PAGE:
Vos T, Flaxman AD, Naghavi M, Lozano R, Michaud C, Ezzati M, et al. Years lived with disability (YLDs) for 1160 sequelae of 289 diseases and injuries 1990–2010: A systematic analysis for the global burden of disease study 2010. Lancet 2012; 380(9859): 2163–96.  Back to cited text no. 4
    
5.
Chitsulo L, Engels D, Montresor A, Savioli L. The global status of schistosomiasis and its control. Acta Trop 2000; 77(1): 41–51.  Back to cited text no. 5
    
6.
Chitsulo L, Loverde P, Engels D. Schistosomiasis. Nat Rev Microbiol 2004; 2(1): 12–3.  Back to cited text no. 6
    
7.
Standley CJ, Kabatereine NB, Lange CN, Lwambo NJ, Stothard JR. Molecular epidemiology and phylogeography of Schistosoma mansoni around Lake Victoria. Parasitology 2010; 137(13): 1937–49.  Back to cited text no. 7
    
8.
Hotez PJ, Kamath A. Neglected tropical diseases in sub-saharan Africa: Review of their prevalence, distribution, and disease burden. PLoS Negl Trop Dis 2009; 3(8): e412.  Back to cited text no. 8
    
9.
Fuller GK, Lemma A, Haile T. Schistosomiasis in man and monkeys in Omo National Park, southwest Ethiopia. Trans R Soc Trop Med Hyg 1979; 73(1): 121–2.  Back to cited text no. 9
    
10.
Erko B, Gebre-Michael T, Balcha F, Gundersen SG. Implication of Papio anubis in the transmission of intestinal schistosomiasis in three new foci in Kime area, Ethiopia. Parasitol Int 2001; 50(4): 259–66.  Back to cited text no. 10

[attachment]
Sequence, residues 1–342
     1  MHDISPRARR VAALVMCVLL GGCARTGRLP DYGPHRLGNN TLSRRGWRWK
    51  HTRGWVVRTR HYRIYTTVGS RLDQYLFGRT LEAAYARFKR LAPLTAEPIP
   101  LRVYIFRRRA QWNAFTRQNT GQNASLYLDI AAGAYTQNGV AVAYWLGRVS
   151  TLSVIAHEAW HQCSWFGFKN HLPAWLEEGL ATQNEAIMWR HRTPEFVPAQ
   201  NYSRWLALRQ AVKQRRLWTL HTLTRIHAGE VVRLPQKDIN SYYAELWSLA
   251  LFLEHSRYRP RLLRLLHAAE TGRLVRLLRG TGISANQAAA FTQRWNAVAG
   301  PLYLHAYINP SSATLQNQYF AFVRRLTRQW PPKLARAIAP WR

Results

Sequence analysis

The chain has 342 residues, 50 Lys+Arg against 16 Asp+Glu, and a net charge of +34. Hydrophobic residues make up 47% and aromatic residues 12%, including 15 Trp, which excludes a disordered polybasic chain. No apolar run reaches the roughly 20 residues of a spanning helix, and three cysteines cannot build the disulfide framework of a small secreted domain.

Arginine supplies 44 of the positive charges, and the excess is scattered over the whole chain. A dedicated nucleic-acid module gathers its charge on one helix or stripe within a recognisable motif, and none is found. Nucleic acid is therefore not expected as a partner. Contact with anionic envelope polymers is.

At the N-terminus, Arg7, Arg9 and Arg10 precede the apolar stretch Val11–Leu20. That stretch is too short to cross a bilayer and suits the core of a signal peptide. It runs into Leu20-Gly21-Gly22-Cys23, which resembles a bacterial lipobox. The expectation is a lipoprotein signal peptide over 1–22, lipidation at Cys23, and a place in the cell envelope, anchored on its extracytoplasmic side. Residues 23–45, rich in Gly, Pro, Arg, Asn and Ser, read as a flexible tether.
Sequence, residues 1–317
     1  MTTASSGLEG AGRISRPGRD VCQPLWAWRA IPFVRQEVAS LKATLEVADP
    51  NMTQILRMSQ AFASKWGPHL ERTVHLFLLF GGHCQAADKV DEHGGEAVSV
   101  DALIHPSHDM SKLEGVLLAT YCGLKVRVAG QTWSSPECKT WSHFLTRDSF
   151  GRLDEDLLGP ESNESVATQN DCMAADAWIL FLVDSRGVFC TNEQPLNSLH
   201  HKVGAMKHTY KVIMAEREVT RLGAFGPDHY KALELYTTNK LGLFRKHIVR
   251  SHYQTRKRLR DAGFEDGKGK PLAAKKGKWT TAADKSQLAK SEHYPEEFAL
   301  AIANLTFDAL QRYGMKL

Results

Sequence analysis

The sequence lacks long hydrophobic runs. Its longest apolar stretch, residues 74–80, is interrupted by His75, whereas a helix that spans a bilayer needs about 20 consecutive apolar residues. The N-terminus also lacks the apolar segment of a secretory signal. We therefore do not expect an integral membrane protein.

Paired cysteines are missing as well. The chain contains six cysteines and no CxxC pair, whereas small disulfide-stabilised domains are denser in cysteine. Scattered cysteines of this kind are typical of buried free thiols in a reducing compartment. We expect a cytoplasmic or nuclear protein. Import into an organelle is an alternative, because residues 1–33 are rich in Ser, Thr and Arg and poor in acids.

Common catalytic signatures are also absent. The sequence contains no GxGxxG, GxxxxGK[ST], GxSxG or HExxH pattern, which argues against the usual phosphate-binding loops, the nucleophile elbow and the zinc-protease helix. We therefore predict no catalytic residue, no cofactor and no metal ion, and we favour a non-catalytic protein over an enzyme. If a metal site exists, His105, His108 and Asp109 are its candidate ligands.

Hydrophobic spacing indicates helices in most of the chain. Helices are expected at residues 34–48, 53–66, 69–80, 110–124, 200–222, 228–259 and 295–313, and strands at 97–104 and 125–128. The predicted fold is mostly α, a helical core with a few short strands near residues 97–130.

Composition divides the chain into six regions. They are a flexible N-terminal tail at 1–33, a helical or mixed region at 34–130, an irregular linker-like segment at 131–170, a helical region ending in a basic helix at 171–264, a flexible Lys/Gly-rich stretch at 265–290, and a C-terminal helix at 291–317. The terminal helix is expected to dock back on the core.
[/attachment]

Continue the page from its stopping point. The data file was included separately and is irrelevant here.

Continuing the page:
11.
Webster BL, Webster JP, Gouvras AN, Garba A, Lamine MS, Diaw OT, et al. DNA ‘barcoding’ of Schistosoma mansoni across sub-Saharan Africa supports substantial within locality diversity and geographical separation of genotypes. Acta Trop 2013; 128(2): 250–60.  Back to cited text no. 11
    
12.
Modena CM, dos Santos Lima W, Coelho PM. Wild and domesticated animals as reservoirs of Schistosomiasis mansoni in Brazil. Acta Trop 2008; 108(2–3): 242–4.  Back to cited text no. 12
    
13.
Agola LE, Steinauer ML, Mburu DN, Mungai BN, Mwangi IN, Magoma GN, et al. Genetic diversity and population structure of Schistosoma mansoni within human infrapopulations in Mwea, central Kenya assessed by microsatellite markers. Acta Trop 2009; 111(3): 219–25.  Back to cited text no. 13